According to the Times, the relations of England and France

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have just been marked by a very noteworthy incident. M. Lon Say was sent here mainly to negotiate a new Treaty of Com- merce, and he pleaded to Lord Granville that in order to...

There seems to be a very uncomfortable fishery dispute still

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unsettled between Great Britain and the United States, the main issue being this, — whether the United States took the fishing privileges to which they were entitled in common...

Professor Colladon, of Geneva, has made some interesting observations on

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the course of lightning when it strikes trees and houses. He holds that the great discharges which injure trees and houses seldom or never happen while the light- ning has an...

The precise method by which the Government hope to enforce

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reforms in Turkey is, of course, not yet known, and cannot be known until Mr. Goschen has reached Constantinople; but there is a consensus of opinion upon the Continent as to...

The Italian Elections came off on Sunday, but they are

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not yet finished, as about 150 second ballots must be taken to- morrow. The general result can, however, it is said, be pre- dicted with some accuracy. The Premier, S. Cairoli,...

Consols were on Friday 99' 6 to 991.

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THE OPENING OF PARLIAMENT. T HE opening of Parliament has not proved a very sensa- tional affair, but it has already produced a marked effect on the political imaginations of...

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I T was quite time the interregnum should end. Students of English politics are well aware of the frequent falsity of the opinion formed, or rather, said to be formed, during a...


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L ORD ORANMORE and BROWNE and the British Refor- mation Society evidently do not understand, in the small- est degree, how far the spirit of the Catholic Emancipation Act and of...

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T HE rumours of Lord Beaconsfield's resolve to resign the Leadership of his party have all died away, in presence of his own declaration to his party assembled in Caucus at...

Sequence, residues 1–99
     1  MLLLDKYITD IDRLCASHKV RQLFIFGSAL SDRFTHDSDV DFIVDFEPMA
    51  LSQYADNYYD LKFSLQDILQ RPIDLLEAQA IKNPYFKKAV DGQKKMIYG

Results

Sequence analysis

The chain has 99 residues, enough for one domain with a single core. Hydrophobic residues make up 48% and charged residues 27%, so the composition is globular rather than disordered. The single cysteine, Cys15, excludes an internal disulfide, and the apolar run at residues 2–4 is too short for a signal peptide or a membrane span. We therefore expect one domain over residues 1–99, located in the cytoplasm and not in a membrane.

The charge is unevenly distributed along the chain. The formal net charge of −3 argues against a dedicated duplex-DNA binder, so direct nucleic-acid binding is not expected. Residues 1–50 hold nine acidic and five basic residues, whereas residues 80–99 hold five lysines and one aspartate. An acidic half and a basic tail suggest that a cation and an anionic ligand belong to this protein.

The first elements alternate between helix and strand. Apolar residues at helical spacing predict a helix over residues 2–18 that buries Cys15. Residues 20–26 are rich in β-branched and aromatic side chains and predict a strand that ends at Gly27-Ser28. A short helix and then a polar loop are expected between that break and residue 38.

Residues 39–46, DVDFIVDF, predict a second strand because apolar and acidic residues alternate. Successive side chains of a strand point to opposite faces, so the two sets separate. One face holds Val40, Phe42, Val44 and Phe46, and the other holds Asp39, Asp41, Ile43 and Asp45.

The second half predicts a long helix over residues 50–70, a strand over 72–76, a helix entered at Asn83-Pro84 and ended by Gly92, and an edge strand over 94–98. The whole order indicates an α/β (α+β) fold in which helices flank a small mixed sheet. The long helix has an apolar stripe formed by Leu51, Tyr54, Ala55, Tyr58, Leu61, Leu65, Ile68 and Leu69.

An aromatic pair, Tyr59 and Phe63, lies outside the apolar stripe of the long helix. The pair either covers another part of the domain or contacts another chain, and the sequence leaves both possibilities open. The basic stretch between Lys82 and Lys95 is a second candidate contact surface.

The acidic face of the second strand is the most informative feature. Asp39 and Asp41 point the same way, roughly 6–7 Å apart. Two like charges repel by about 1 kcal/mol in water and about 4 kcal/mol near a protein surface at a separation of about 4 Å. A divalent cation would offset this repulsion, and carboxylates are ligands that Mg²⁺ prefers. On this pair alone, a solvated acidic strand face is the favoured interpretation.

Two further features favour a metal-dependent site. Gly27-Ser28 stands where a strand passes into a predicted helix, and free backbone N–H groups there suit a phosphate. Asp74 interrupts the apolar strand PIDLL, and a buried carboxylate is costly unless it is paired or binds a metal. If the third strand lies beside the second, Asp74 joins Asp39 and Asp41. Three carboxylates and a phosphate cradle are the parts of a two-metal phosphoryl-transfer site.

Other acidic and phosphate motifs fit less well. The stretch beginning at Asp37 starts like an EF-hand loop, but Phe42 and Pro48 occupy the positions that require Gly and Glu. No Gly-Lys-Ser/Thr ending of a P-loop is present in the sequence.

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T HE most interesting fact about M. Lepere's resignation of the French Ministry of the Interior, is that nobody is particularly interested in it. That Ministry has always been...

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T HE lot of the Head of a College is not an easy one. To the visitors who fill Oxford and Cambridge during the Summer Term, and catch glimpses of shady gardens and oak- panelled...

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R. ARNOLD has recently got hold of a crotchet of which , he is extremely proud. It is that Poetry is a surer and more solid stay for the soul than any religion ; indeed, if we...

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W E do not see much reason for the extreme interest taken by the public in the Lambri trial, which was remark- able chiefly for the enormous publicity and importance granted by...

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N ERS. GARRETT-ANDERSON does well to preach to 1 teachers and parents respecting the evils of too much excitement of the brain and of nervous energy in modern educa- tion. There...

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[To THE EDITOR OF THE "SPECTATOR.] Si,—Allow me to offer a correction of a now very common error, which I find reproduced in your columns of to-day,—I mean the use of the word...


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THE CLERGY AND POLITICS. [To THE EDITOR OF THE "apscreros..-] .Sm, — Your correspondent, "A Hospital Chaplain," combines so much genuine liberality of feeling with so much...


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(TO THE EDITOR OF TIM "BrEcrATou."1 SIR,—In an article in your issue of the 15th inst., you Observe that "not only Catholics but non-Catholic literary men," were among the...